a) call the 2 molecules in Step#2 A and B.

b) call the 2 molecules in Step #3 C and D.

A and B are enantiomers.  A and C are diastereomers.  Thus, it is entirely possible for one molecule to be an enantiomer with a second molecule and a diastereomer with a third molecule.

Here is an example of 2 diastereomers.  Notice that they have the same chemical formula but different 3-dimensional orientations – i.e. they are stereoisomers.  These stereoisomers are not mirror images of each other, but they are non-superimposable – i.e. they are diastereomers.

(-)-Threose

(-)-Erythrose

Images courtesy of Popnose, DMacks and Edgar181 on Wikimedia.  For brevity, I direct you to the Wikipedia entry for diastereomers showing these 4 images in one panel.

In a later Chemistry Lesson of the Day on optical rotation (a.k.a. optical activity), I will explain what the (-) symbol means in the names of those 2 diastereomers.

*I will discuss meso isomers in a separate lesson.

## Video Tutorial – Calculating Expected Counts in a Contingency Table Using Joint Probabilities

In an earlier video, I showed how to calculate expected counts in a contingency table using marginal proportions and totals.  (Recall that expected counts are needed to conduct hypothesis tests of independence between categorical random variables.)  Today, I want to share a second video of calculating expected counts – this time, using joint probabilities.  This method uses the definition of independence between 2 random variables to form estimators of the joint probabilities for each cell in the contingency table.  Once the joint probabilities are estimated, the expected counts are simply the joint probabilities multipled by the grand total of the entire sample.  This method gives a more direct and deeper connection between the null hypothesis of a test of independence and the calculation of expected counts.

I encourage you to watch both of my videos on expected counts in my YouTube channel to gain a deeper understanding of how and why they can be calculated.  Please note that the expected counts are slightly different in the 2 videos due to round-off error; if you want to be convinced about this, I encourage you to do the calculations in the 2 different orders as I presented in the 2 videos – you will eventually see where the differences arise.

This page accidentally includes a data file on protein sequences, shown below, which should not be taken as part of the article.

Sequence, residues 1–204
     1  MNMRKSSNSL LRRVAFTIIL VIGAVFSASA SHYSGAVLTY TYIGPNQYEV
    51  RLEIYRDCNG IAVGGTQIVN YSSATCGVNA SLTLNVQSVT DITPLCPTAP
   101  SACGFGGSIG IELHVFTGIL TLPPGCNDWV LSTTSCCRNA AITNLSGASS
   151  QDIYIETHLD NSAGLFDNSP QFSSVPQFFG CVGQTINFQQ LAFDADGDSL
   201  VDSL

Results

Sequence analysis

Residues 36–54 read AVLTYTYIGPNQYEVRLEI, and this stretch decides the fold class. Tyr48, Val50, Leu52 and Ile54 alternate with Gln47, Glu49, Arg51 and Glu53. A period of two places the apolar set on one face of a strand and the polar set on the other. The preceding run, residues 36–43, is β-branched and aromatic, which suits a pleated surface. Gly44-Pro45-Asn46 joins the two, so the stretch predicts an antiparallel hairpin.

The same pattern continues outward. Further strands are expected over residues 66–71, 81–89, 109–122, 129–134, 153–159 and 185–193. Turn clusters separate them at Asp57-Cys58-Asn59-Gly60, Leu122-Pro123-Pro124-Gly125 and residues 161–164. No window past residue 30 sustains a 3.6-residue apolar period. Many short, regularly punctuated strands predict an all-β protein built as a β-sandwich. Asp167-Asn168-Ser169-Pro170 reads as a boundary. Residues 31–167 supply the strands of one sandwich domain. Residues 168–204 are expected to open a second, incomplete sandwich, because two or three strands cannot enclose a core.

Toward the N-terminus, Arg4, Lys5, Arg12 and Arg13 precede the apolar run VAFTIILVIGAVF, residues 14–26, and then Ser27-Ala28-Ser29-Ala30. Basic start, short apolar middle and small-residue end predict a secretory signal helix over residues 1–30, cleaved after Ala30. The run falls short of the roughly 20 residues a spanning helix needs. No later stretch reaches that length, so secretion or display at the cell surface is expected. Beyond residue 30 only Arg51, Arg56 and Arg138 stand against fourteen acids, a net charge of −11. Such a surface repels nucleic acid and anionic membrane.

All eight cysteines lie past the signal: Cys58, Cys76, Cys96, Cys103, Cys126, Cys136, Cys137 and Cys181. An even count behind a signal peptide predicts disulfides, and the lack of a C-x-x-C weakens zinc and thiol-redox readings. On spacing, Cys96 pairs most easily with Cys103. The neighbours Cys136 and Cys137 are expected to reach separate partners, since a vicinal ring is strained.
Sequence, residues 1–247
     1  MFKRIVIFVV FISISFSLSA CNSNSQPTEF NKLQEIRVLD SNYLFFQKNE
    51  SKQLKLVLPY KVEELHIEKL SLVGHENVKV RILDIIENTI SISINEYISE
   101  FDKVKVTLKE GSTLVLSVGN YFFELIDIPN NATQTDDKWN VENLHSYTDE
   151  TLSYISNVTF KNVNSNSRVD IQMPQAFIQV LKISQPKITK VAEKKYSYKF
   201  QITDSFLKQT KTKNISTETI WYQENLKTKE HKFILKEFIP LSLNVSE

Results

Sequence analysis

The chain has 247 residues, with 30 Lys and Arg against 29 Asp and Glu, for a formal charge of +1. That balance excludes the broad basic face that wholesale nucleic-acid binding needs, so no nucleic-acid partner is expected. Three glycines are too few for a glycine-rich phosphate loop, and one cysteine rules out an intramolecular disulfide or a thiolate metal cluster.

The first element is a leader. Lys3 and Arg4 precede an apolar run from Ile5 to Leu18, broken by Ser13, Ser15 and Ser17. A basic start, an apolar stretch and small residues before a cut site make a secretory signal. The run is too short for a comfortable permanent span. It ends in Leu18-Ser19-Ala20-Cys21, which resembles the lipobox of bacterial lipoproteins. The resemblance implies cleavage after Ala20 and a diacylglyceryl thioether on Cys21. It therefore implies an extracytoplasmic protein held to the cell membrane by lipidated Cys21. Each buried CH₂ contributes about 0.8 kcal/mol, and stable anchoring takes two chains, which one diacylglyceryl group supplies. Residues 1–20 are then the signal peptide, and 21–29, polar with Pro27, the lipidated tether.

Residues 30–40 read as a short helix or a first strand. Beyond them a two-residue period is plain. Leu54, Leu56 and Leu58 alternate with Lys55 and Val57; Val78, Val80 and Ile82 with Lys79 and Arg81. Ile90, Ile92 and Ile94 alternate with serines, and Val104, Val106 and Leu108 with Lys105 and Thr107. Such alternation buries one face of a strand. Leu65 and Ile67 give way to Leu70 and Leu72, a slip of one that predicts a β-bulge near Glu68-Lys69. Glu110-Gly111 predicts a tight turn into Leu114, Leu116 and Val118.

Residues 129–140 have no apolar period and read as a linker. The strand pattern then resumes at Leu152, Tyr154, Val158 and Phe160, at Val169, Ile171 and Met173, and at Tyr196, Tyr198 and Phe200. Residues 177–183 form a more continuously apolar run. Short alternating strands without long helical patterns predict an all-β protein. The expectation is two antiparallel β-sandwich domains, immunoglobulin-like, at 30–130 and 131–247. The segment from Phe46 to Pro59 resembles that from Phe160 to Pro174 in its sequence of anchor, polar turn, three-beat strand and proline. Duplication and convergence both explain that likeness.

## Mathematical and Applied Statistics Lesson of the Day – Don’t Use the Terms “Independent Variable” and “Dependent Variable” in Regression

In math and science, we learn the equation of a line as

$y = mx + b$,

with $y$ being called the dependent variable and $x$ being called the independent variable.  This terminology holds true for more complicated functions with multiple variables, such as in polynomial regression.

I highly discourage the use of “independent” and “dependent” in the context of statistics and regression, because these terms have other meanings in statistics.  In probability, 2 random variables $X_1$ and $X_2$ are independent if their joint distribution is simply a product of their marginal distributions, and they are dependent if otherwise.  Thus, the usage of “independent variable” for a regression model with 2 predictors becomes problematic if the model assumes that the predictors are random variables; a random effects model is an example with such an assumption.  An obvious question for such models is whether or not the independent variables are independent, which is a rather confusing question with 2 uses of the word “independent”.  A better way to phrase that question is whether or not the predictors are independent.